a picture showing moyo okediji poised for the camera



I prefer the name Yoruba Republic.

Oduduwa Republic would be a second choice.

I prefer Yoruba Republic because the word “Yoruba” already has a global circulation and reception.

Yoruba language is taught in many universities in the world, including the University of Texas, Austin, with two full-time professors giving lectures to undergraduate and graduate students.

In addition to the professors teaching Yoruba language, I teach Yoruba art, and there are distinguished professors teaching Yoruba history.

Yoruba written literature (fiction, poetry, scholarly essays and books) is clearly the largest indigenous body of penned creativity in Africa. World-class writers of Yoruba literature include Fagunwa, Odunjo, Faleti, Okediji, Isola, Ogunniran, Abimbola, Ajuwon, and scores of other geniuses whose works are read and translated into several European languages.

Yoruba art is certainly the most distinguished body of work in African aesthetics, because of the incredible naturalistic art of Ife, with a realism that is not found anywhere else on the continent, ranking among the finest achievements of portraiture on the planet since the beginning of human creativity.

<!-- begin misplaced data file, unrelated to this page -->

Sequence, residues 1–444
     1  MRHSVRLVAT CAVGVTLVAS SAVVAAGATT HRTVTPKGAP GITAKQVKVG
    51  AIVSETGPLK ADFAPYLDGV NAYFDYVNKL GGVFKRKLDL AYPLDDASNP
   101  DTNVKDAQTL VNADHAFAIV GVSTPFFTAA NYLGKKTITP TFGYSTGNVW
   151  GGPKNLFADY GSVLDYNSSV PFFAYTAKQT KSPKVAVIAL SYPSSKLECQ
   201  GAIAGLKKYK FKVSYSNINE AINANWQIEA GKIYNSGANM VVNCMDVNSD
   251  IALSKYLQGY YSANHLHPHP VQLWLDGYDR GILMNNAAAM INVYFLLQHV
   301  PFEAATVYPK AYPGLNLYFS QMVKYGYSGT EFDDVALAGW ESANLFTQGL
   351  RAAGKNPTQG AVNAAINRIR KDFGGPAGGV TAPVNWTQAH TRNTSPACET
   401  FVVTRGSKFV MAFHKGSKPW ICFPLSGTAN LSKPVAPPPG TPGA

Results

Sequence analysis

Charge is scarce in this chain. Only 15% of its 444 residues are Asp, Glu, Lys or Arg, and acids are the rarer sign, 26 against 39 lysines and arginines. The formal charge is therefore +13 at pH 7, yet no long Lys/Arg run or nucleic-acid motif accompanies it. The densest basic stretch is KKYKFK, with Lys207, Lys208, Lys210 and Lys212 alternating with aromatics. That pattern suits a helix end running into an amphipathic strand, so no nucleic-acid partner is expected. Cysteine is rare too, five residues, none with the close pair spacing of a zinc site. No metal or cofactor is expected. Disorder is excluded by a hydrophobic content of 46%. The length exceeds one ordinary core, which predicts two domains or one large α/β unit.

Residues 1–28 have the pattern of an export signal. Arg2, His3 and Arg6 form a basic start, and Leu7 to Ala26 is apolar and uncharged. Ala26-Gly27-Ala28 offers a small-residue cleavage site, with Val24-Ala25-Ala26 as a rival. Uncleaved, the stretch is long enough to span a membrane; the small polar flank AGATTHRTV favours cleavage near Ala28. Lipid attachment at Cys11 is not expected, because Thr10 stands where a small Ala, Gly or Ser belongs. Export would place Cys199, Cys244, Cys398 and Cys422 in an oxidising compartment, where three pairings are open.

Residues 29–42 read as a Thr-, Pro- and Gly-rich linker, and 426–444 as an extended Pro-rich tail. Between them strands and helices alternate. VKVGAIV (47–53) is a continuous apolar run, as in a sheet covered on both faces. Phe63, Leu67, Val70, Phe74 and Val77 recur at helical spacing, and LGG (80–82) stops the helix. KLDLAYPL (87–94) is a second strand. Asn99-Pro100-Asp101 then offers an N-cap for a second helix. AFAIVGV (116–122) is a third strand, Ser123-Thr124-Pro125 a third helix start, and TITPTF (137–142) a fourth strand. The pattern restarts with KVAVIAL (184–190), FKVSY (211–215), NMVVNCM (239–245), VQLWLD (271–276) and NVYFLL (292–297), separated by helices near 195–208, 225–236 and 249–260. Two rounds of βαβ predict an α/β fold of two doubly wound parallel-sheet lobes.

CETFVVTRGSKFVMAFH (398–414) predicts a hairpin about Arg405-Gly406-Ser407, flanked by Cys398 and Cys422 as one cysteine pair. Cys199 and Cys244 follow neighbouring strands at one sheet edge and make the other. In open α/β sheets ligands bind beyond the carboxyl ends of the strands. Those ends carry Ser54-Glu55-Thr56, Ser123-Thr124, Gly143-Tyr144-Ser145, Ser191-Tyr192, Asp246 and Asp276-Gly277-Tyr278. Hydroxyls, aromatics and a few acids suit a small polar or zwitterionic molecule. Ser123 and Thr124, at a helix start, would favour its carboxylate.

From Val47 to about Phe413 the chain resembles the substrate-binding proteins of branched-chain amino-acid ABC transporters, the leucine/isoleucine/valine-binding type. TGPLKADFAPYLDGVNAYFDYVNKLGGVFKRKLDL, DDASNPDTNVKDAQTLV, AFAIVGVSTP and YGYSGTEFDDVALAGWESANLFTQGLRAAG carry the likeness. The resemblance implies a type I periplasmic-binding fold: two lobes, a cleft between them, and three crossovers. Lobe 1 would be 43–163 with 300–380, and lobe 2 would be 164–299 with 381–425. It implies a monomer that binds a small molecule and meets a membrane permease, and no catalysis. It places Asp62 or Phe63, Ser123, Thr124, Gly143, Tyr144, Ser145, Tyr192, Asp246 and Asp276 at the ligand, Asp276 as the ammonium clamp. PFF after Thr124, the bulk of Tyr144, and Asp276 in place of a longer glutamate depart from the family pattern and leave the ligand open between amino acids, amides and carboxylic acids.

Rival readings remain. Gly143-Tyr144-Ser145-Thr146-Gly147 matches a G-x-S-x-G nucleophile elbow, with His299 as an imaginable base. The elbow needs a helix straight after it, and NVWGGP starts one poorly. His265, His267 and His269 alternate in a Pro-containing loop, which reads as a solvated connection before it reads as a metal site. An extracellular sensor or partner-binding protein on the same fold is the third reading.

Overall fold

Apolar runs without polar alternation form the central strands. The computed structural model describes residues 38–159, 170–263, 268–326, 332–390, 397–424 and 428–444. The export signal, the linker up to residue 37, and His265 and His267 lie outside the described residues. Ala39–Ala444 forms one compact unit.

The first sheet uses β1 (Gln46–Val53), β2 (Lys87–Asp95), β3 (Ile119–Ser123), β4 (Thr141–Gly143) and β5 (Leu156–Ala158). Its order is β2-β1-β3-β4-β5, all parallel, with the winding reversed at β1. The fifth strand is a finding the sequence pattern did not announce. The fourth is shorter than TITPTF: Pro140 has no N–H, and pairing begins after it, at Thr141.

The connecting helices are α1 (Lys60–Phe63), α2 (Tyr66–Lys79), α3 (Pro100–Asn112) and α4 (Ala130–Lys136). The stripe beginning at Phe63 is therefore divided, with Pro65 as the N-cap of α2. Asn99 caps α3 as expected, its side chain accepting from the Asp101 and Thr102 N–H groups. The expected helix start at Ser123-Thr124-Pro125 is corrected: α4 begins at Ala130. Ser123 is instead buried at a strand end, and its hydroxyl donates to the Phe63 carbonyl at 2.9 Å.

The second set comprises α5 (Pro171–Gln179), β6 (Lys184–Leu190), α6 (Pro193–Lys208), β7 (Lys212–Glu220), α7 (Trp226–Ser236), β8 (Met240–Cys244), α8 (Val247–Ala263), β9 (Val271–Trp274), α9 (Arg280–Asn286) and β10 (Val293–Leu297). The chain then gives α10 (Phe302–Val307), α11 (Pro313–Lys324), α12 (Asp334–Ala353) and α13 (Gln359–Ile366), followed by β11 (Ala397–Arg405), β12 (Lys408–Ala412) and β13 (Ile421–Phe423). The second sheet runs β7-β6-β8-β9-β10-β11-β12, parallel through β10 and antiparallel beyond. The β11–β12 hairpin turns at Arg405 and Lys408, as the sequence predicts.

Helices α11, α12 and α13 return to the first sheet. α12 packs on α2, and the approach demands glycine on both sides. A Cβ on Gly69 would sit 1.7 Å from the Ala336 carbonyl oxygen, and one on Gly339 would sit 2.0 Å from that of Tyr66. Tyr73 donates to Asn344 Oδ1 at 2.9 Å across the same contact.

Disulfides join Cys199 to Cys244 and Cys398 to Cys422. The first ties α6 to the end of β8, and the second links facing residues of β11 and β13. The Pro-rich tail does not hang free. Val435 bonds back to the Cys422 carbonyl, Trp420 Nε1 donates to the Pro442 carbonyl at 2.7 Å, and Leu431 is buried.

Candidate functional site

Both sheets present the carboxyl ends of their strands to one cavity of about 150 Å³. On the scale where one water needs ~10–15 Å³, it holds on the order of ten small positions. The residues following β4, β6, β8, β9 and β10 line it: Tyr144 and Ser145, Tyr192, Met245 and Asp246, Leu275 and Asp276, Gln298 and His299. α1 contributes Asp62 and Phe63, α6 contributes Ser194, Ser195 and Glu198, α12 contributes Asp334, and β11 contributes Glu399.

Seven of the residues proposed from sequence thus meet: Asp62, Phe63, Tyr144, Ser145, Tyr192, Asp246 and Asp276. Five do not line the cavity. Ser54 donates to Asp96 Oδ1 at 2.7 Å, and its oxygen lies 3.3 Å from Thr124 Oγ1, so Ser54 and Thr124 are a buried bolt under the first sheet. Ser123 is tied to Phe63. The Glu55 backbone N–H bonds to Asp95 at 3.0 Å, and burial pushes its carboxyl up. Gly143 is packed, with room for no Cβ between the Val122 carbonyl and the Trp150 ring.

In addition to Yoruba realism, Yoruba art also boasts of stylizations and abstractions, with renowned masters such as Areeogun, Olowe, Bamidele, Fakeye and Alaaye, whose works have been the subjects of international conferences, seminars, scholarly essays and volumes of books.

Yoruba culture is not only locally accomplished in Africa, it is the preeminent indigenous culture in Cuba, Brazil, Argentina, the United States and Central America.

Because the word “Yoruba” already has such remarkable name recognition, it will serve the cause of the proposed republic better than the word “Oduduwa,” which many may be unfamiliar with and might create confusion. Why begin to talk of Oduduwa art, when Yoruba art is already well-circulated?

And let no one believe the speculative propaganda that the word “Yoruba” was given to us by foreigners: many of those people are mostly envious of the glory and achievements of the Yoruba culture.

Interested in some of my published works?

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